Meeting's over. Did you make this BIG Mistake?

You just finished a long meeting. The client (or business partner) seems excited about it. You were spot-on with your proposals, got a verbal agreement from them, everyone is happy. But no decision has been made. No official decision, anyway. And you never hear from them again.

People are busy, sure, but that doesn’t explain why there has been no action on their part. Thing is, you can’t expect people to be proactive. Not even when it’s in their best interest. To get someone to do something, you have to take charge and remind them what they have to do (it's one of the best things you can do when negotiating).

One of the biggest mistakes you can make is not following up. Or, worse, not doing it properly. You can do it right, though.

But, before you do, end the meeting with a variation of this phrase “I’ll be sending you a brief email about what we’ve discussed.” - this way, you’re making sure they will feel uneasy ignoring your email. Because now you both know an email is coming.


Creating Your Follow-Up Plan


First things first - ask yourself :”Why would they not respond to my follow up?”. By identifying possible reasons for which they ignore you, you’re preparing for rapport-building. It’s this simple question that shows you What They Want, When They Want It, How and Why they want It. Let’s say you’re a car parts manufacturer, selling your merchandise to a big car company. This is what your research should point out:

  • What parts were they interested in when you held the meeting?
  • When would the parts be needed?
  • How should they be delivered?
  • Why would they want these parts from you?
  • Why would they turn to your competitors?

Take an hour or so to find out the answers to these questions. Then, pull up your note pad and check what you’ve jotted down during the meeting. Add those points to your research and ask yourself some more questions:

  • What are the next steps? How are tasks distributed?
  • What would convince your partners to act more quickly?
  • When are they most likely to respond, based on your past interactions?

You’re almost out of the woods, now. Compile everything into a neat, short and to the point text. Only 2 more questions to go and you’re in the clear:

  • Who is going to be the decision maker in this matter? If you’re not addressing them directly, make it easy for the middle-man to paint a favourable picture of your company’s offer. Do the heavy-lifting for them.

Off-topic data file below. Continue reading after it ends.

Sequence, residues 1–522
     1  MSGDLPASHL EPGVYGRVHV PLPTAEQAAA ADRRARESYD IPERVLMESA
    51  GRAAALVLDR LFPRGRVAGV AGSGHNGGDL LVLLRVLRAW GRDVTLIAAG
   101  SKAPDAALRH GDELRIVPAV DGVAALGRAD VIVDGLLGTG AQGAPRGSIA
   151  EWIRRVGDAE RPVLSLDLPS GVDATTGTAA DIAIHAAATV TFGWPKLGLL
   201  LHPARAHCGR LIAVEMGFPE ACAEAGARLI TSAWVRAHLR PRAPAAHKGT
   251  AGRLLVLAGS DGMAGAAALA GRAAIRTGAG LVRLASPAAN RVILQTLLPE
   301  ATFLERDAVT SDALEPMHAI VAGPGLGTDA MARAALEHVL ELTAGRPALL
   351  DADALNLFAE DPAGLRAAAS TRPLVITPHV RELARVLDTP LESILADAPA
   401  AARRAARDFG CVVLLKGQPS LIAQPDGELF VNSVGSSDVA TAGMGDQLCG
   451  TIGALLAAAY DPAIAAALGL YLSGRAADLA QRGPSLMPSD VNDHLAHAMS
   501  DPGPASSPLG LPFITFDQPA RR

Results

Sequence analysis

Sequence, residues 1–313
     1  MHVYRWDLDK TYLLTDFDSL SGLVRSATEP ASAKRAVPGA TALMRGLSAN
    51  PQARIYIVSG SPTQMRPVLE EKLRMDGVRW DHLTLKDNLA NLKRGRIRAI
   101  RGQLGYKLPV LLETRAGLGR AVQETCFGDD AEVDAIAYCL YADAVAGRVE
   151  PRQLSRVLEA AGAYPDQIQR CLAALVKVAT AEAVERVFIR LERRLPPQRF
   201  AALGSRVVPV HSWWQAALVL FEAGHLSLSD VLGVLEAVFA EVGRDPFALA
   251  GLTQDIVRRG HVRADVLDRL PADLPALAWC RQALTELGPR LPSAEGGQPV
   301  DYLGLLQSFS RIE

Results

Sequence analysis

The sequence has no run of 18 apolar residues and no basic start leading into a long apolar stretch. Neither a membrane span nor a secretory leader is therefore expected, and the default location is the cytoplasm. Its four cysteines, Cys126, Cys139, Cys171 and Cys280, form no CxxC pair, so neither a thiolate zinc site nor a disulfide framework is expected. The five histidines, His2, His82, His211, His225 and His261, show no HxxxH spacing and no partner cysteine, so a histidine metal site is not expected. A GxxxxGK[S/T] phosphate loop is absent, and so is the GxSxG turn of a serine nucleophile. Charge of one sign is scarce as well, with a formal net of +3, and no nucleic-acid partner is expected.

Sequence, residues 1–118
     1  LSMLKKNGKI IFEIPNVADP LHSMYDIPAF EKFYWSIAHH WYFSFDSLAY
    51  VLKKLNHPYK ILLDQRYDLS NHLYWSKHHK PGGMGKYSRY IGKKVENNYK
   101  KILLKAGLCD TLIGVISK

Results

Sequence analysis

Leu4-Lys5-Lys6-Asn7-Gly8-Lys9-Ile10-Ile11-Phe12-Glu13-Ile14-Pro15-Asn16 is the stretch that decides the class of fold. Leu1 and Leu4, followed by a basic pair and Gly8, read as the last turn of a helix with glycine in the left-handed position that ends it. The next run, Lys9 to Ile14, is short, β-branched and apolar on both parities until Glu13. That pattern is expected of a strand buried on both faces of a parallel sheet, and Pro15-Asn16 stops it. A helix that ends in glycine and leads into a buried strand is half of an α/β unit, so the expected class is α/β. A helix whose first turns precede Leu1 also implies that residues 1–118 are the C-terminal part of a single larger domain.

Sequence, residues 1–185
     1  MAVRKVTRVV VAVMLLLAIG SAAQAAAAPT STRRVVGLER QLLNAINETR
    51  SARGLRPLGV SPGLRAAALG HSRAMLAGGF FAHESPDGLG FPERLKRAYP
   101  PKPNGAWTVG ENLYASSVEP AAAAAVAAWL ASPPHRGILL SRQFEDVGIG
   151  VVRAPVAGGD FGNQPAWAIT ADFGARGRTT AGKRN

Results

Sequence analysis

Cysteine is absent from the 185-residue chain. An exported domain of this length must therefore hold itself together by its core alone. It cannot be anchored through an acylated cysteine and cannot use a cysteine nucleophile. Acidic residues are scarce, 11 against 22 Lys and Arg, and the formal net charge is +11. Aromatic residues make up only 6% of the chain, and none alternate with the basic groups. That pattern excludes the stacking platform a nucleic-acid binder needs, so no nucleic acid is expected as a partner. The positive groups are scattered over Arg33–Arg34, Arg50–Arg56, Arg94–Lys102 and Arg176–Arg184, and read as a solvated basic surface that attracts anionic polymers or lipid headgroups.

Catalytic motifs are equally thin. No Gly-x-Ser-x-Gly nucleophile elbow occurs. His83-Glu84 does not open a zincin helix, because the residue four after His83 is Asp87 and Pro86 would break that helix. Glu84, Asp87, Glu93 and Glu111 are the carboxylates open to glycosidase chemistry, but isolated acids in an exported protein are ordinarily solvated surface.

• Is there one single goal the follow up looks to achieve? Make it clear and easy to understand.


Writing The Follow Up


Even if you plan to call and follow up, you still should write everything down. It’s good practice.

First of all, thank everyone for their time and effort - be polite and humble. Next, name the purpose of the follow-up. If you’re on the phone, ask for permission to continue - if you don’t get it, ask for an alternative (email works best).

Manage expectations - write a short paragraph about what the email will contain. A summary, if you will. Then, list the points that were discussed in the meeting, what has to be done and what you and your company have already done. By highlighting your proactive nature, you build rapport and show you’re dedicated and professional. Under-promise, over-deliver.

What you should do next is edit the draft you’ve fleshed out before, based on the 10 questions above - cut the text to its bare minimum. No adverbs, no adjectives where they’re not needed. Use strong action verbs. Breathe a little life into the text, to make it stand out.

If possible, refer back to your conversation in the meeting room or at least hint at something that happened during that conversation. Make relevant small-talk. This way, your message’s chances of being remembered grow considerably.

Last, but not least, make your PS matter - add a quick note after you’ve finished what you had to say - send an article, a whitepaper or something along those lines. It has to be relevant to your discussion and should either emphasize your company’s competence or show what a great opportunity they miss by not working with you. For instance, if we take the car parts manufacturer example, let’s say you talked about prices. Those are already agreed upon. If you can link to a study that shows how costs in your industry are going to explode, you create a sense of urgency - your partner will think twice before turning you down, because their next deal might just be more expensive.


So, what’s your two cents on this? Let me know at [email protected] or hit us with a comment on twitter.

Adrian, MO, YArooms

Written on Monday, 09 Feb 2015



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